While looking up some other things, I came across this information on the Buckeye Firearms Association web page:
According to a 2010 study by the National Sporting Goods Association, 44.5 million people over the age of seven regularly participate in the shooting sports (including target shooting, hunting, and muzzleloading).
This makes shooting sports more popular than the vast majority of common sports activities, including bicycle riding, bowling, jogging, fishing, basketball, soccer, and tennis. In fact, the shooting sports are twice as popular as golf (21.9 million), over three times as popular as baseball (12.5 million), and nearly 5 times as popular as football (9.3 million).
This got me thinking about the proposed Recreation Levy being promoted by Council members Lindsay Webb and Steven Steel. They want to put a 1 Mill levy on the ballot in November to pay for recreation programs only.
Now, I'm not in favor of new taxes - in fact, I'm opposed to many old taxes as well. But I learned something at the Citizen Watchdog Training I attended this past weekend: sometimes, you can't prevent certain things from happening - but that doesn't mean that demands for 'equal access' won't have an overall impact.
The lesson being taught on this subject was actually regarding school levy issues. We routinely hear about how schools send home their pro-levy propaganda with students in their take-home packets. Attempts to stop such nefarious practices aren't usually successful. However, if you insist that your anti-levy information should also be sent home in the packets, you'll either succeed in getting both sides of the issue told - or you'll have standing for a lawsuit over equal access. Either way, you win. And, in many cases, schools have stopped the practice so they won't have to share both sides.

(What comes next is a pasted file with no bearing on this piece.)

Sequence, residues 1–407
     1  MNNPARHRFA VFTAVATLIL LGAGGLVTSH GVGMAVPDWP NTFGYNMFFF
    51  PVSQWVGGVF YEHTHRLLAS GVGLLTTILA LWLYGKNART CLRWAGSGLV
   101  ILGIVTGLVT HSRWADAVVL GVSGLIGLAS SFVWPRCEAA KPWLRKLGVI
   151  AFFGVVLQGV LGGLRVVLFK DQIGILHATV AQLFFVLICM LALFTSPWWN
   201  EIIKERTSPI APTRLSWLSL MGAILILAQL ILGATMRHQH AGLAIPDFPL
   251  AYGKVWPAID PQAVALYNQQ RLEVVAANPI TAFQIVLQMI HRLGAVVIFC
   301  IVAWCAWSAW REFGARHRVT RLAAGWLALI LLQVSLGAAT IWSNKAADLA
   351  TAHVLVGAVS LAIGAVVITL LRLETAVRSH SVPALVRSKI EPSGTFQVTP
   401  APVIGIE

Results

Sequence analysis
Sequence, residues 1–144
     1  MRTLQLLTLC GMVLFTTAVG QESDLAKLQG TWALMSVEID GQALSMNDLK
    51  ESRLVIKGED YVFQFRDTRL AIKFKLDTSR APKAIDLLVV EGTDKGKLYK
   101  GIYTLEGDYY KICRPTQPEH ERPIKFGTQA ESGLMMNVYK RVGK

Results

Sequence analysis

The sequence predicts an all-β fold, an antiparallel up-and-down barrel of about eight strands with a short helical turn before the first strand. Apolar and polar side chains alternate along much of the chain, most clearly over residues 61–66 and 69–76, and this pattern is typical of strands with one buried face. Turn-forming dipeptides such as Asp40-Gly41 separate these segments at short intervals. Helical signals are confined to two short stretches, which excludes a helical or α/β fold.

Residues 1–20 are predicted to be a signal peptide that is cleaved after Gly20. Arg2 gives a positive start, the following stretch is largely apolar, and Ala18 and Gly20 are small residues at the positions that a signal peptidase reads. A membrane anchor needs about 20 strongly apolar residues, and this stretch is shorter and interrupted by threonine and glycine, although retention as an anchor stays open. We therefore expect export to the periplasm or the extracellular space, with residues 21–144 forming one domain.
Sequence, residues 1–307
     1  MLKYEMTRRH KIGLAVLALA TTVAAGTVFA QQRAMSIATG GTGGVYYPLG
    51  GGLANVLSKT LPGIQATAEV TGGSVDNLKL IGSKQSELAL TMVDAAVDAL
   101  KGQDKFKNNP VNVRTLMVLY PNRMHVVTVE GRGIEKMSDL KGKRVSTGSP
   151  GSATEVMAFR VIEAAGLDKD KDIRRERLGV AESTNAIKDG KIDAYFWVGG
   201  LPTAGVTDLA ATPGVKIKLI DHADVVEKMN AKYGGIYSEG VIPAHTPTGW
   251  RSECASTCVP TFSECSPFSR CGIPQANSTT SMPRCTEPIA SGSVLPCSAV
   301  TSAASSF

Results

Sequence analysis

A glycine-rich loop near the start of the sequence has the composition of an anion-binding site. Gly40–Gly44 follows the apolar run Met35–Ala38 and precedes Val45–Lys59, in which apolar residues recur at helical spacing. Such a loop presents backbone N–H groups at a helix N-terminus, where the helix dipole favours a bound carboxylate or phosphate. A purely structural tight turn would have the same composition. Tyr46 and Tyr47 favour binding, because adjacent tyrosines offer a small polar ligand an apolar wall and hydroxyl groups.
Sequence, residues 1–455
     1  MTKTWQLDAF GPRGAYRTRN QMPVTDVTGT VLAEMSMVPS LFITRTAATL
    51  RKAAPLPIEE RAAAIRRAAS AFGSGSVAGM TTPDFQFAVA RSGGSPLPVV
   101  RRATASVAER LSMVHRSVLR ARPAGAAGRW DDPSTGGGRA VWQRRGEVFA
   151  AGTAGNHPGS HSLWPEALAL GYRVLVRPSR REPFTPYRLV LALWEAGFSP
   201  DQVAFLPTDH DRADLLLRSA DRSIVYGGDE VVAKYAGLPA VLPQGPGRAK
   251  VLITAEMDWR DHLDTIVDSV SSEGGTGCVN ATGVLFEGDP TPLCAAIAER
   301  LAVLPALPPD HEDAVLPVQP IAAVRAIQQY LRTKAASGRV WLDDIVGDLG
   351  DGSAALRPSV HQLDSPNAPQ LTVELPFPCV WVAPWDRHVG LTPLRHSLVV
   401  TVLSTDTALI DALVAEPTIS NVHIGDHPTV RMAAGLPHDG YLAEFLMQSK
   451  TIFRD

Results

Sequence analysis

Put all this together and you have what I think is a really great idea: Insist that any recreation levy provide shooting ranges for citizens.
Think about it. There are already plenty of baseball diamonds, bike paths, football fields, basketball courts, tennis courts, fishing accesses, etc... inside the city limits and a significant number of them are in public parks and maintained by the city.
But there aren't any shooting ranges - at least, not in Toledo according to a Google search.
Sure, there's Cleland's ... in Swanton.
And there's Toledo Trap & Skeet which, despite it's name, is in Berkey.
There's an Institute of Firearms Training in Sylvania, but it doesn't have a web site, so I'm not sure whether or not it has a shooting range. There's Bullet Stop Inc out in Graytown and the Erie Shooting Club in - gasp! - Michigan.
But nothing in Toledo - and certainly nothing in an area where the underserved are located.
Seriously - we're opening pools in various parts of the city because we don't think kids should have to travel further than they can walk by themselves to get to one. Do you really want kids traveling to Graytown or Michigan just so they can enjoy their sport of shooting?
Oh, the inhumanity!
So maybe all of us should show up at any meeting where the proposed recreation levy is going to be discussed or promoted. Let's insist that our wants are just as important as anyone else's and insist that any levy monies collected meet our desire for free, accessible, close shooting ranges where we and especially our kids can enjoy and perfect our shooting skills.
After all, it's for the children!